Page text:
below and see them through. I'm happy to test patches, although I wont
necessarily have access to the same hardware used for current tests.
Intel(R) Xeon(R) Gold 5115 CPU @ 2.40GHz
2 sockets * 10 cores * 2 hardware threads
32GB of ram
I assigned all 40 threads to the vm + gave it 16GB of ram.
The host is otherwise idle.
I installed the 7.1 release, downloaded recent git snapshot and built the
trunk kernel while using config stolen from the release (had to edit out
something about 3g modems to make it compile). I presume this is enough
to not have debug of any sort enabled.
The filesystem is just ufs mounted with noatime.
Attempts to use virtio for storage resulted in extremely abysmall
performance which I did not investigate. Using SATA gave read errors
and the vm failed to boot multiuser. I settled for IDE which works
reasonbly fine, but inherently makes the test worse.
All tests were performed with the trunk kernel booted.
Here is a bunch of "./build.sh -j 40 kernel=MYCONF > /dev/null" on stock
618.65s user 1097.80s system 2502% cpu 1:08.60 total
628.73s user 1128.71s system 2540% cpu 1:09.18 total
629.05s user 1082.58s system 2517% cpu 1:07.99 total
641.11s user 1081.05s system 2545% cpu 1:07.65 total
641.18s user 1079.89s system 2522% cpu 1:08.24 total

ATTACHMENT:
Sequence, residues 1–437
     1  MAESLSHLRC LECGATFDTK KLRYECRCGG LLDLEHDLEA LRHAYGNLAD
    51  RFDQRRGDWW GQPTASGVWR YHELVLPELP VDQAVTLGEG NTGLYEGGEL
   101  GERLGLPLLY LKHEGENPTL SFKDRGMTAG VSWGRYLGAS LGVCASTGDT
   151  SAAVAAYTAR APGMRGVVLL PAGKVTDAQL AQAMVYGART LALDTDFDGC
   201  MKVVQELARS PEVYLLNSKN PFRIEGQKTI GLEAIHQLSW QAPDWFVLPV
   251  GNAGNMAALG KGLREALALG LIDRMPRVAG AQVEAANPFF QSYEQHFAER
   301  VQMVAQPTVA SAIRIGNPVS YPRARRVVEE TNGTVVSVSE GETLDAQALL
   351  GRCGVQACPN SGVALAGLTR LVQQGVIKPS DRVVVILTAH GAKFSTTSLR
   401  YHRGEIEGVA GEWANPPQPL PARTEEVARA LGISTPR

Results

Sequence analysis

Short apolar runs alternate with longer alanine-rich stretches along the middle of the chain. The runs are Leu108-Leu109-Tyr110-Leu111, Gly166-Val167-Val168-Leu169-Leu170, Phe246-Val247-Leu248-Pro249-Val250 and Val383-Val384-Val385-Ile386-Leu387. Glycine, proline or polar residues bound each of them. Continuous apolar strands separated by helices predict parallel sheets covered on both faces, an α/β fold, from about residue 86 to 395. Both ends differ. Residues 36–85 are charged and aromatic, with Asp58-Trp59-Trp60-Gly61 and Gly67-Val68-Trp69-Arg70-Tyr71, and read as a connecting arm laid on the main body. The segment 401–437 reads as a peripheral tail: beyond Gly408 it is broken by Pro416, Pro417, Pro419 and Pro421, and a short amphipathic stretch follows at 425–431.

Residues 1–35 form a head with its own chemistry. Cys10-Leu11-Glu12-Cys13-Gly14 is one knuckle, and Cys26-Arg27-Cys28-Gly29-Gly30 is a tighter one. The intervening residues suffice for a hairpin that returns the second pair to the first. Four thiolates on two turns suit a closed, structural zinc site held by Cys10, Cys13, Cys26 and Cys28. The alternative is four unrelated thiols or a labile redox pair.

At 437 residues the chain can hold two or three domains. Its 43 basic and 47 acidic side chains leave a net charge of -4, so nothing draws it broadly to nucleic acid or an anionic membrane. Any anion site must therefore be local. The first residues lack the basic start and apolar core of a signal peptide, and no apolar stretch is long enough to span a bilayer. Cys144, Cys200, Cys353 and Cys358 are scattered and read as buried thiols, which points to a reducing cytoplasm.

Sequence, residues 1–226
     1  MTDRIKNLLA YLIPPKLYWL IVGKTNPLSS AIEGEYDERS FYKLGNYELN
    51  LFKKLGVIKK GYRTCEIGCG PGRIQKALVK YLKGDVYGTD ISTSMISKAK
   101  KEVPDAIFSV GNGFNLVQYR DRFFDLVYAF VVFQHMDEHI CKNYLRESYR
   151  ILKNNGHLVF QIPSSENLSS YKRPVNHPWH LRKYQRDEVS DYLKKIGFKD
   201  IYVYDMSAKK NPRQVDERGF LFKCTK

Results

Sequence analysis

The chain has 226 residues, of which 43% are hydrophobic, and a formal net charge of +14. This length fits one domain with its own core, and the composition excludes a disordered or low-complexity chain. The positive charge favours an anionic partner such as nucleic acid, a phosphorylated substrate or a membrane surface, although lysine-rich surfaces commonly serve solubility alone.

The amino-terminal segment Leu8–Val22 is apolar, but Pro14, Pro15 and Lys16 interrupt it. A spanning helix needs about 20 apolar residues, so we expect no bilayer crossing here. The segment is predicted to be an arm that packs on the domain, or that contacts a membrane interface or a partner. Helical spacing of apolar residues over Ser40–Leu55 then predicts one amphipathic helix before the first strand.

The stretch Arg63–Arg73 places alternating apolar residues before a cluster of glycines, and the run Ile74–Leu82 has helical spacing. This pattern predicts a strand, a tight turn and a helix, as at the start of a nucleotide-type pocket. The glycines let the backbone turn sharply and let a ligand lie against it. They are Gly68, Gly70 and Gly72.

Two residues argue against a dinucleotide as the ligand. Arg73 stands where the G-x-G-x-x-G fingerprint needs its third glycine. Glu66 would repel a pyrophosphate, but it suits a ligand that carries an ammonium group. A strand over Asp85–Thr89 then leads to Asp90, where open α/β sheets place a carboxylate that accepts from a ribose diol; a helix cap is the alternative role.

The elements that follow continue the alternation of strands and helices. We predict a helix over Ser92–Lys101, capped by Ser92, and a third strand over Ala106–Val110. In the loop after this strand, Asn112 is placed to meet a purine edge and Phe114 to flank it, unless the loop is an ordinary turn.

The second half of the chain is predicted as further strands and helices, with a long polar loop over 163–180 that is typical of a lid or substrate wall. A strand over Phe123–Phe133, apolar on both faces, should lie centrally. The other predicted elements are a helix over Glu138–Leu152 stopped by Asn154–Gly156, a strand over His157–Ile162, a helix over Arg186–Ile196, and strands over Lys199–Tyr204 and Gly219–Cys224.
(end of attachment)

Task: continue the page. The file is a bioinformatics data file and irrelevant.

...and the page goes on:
And on kernel with total hacks:
594.08s user 693.11s system 2459% cpu 52.331 total
594.81s user 711.90s system 2498% cpu 52.292 total
600.34s user 676.39s system 2486% cpu 51.336 total
597.33s user 725.78s system 2536% cpu 52.157 total
597.13s user 708.79s system 2510% cpu 52.011 total
i.e. it's still pretty bad, with system time being above user. However,
real time dropped from ~68 to ~52 and %sys from ~1100 to ~700.
Hacks can be seen here (wear gloves and something to protect eyes):https://people.freebsd.org/~mjg/netbsd/hacks.diff
1) #define UBC_NWINS 1024
The parameter was set in 2001 and is used on amd64 to this very day.
51.63 585505 321201.06 ffffe4011d8304c0 <all>
40.39 291550 251302.17 ffffe4011d8304c0 ubc_alloc+69
9.13 255967 56776.26 ffffe4011d8304c0 ubc_release+a5
1.72 35632 10680.06 ffffe4011d8304c0 uvm_fault_internal+532
The contention is on the global ubc vmobj lock just prior to hash lookup.
I recompiled the kernel with randomly slapped value of 65536 and the the
problem cleared itself with ubc_alloc going way down.
I made no attempts to check what value makes sense or how to autoscale it.